socrates ad nauseam


Given the choice between Socrates dead or alive, Western thinkers have preferred him dead. At least as a symbol. A symbol of what? That’s where it gets complicated.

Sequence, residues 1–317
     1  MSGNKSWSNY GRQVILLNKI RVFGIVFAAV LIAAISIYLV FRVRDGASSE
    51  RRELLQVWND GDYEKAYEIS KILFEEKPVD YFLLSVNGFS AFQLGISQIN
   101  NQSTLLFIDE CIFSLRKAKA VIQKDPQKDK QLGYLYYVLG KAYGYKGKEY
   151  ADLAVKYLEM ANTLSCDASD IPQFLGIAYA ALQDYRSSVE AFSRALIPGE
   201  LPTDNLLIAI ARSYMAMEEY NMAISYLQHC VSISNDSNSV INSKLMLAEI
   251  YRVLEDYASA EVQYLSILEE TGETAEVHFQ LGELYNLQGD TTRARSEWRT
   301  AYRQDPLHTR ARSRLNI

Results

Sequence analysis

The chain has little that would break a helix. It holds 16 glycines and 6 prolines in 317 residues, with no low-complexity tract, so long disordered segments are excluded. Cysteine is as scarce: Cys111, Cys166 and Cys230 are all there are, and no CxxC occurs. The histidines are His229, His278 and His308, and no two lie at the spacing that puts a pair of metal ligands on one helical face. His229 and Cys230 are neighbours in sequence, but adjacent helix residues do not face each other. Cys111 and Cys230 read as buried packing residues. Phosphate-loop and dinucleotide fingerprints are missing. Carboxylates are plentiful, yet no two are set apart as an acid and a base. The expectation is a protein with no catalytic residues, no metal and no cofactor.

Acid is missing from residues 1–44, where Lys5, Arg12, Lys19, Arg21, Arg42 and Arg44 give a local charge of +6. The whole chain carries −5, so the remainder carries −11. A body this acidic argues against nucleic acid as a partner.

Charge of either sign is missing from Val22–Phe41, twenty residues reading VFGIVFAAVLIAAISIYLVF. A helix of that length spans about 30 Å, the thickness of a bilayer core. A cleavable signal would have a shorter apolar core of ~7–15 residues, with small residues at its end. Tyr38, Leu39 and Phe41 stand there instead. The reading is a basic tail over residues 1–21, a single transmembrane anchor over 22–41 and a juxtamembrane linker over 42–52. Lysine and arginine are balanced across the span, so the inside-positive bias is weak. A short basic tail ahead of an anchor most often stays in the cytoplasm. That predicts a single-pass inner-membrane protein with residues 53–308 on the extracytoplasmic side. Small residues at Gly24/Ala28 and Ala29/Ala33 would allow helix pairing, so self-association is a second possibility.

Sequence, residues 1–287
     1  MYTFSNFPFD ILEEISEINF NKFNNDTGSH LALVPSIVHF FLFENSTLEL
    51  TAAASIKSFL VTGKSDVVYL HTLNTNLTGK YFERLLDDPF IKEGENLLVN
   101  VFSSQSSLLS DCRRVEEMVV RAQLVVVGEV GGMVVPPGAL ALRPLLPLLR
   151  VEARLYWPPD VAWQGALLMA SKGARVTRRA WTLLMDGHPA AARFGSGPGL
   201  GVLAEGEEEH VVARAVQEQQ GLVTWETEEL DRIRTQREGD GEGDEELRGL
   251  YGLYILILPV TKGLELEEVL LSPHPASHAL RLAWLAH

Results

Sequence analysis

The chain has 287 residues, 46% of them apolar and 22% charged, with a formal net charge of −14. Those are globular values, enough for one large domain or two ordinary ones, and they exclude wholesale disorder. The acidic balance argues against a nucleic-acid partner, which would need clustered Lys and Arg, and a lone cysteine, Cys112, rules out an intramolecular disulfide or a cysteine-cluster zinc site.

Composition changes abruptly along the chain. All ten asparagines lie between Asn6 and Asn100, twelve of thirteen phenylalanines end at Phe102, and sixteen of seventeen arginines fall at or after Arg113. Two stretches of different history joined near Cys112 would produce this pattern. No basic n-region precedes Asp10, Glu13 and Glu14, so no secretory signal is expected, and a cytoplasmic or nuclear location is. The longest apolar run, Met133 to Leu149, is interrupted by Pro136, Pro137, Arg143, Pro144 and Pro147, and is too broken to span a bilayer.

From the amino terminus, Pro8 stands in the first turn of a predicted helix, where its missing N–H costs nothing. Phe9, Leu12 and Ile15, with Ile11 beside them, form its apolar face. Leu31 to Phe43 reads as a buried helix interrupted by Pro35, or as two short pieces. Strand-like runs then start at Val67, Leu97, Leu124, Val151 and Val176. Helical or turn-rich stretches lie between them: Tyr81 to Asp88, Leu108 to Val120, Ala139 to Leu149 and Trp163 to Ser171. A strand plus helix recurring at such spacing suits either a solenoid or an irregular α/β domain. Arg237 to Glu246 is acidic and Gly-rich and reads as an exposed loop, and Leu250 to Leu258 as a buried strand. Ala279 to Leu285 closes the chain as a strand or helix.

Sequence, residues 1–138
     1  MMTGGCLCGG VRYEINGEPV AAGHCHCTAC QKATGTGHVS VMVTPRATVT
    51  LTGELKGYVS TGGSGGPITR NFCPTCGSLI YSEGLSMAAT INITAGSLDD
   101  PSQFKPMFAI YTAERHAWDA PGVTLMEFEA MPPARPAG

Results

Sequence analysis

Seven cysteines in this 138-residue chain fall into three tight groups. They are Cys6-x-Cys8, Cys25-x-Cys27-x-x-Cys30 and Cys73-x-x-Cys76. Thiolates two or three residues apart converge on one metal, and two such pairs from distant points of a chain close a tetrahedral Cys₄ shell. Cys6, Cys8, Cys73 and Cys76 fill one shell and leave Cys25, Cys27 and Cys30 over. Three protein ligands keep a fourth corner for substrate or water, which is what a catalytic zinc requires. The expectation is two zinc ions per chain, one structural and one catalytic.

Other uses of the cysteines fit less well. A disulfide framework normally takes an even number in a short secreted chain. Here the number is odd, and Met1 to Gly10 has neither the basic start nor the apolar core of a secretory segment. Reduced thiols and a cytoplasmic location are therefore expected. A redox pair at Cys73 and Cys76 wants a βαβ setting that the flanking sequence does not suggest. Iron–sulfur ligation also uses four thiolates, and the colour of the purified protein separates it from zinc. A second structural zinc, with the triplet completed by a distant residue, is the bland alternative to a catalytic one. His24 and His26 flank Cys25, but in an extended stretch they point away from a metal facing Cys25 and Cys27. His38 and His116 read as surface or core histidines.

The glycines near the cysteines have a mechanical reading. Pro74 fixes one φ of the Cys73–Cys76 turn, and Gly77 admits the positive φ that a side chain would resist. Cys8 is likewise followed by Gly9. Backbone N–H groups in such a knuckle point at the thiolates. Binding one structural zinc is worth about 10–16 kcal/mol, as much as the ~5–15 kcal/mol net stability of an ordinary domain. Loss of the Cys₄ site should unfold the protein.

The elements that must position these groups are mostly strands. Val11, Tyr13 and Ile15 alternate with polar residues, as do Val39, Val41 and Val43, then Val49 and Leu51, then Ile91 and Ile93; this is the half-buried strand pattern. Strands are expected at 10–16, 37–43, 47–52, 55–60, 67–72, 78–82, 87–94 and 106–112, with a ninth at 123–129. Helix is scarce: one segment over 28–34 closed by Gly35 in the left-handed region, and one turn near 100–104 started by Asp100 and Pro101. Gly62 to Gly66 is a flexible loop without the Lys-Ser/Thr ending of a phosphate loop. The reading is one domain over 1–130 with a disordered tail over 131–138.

Almost all Western intellectuals regard the life and death of Socrates (470-399 BC) to be a cornerstone of cultural literacy. And yet, as Luis E. Navia, a professor of philosophy at the New York Institute of Technology, states in his recent Socrates: A Life Examined (Prometheus Books, 2007), “little of substance” about Socrates “can be affirmed without hesitation. Any trait associated with him, any idea attributed to him, can be contradicted by adducing passages from various sources.” And Navia should know — he’s a coeditor of Socrates: An Annotated Bibliography (Garland Publishing, 1988).

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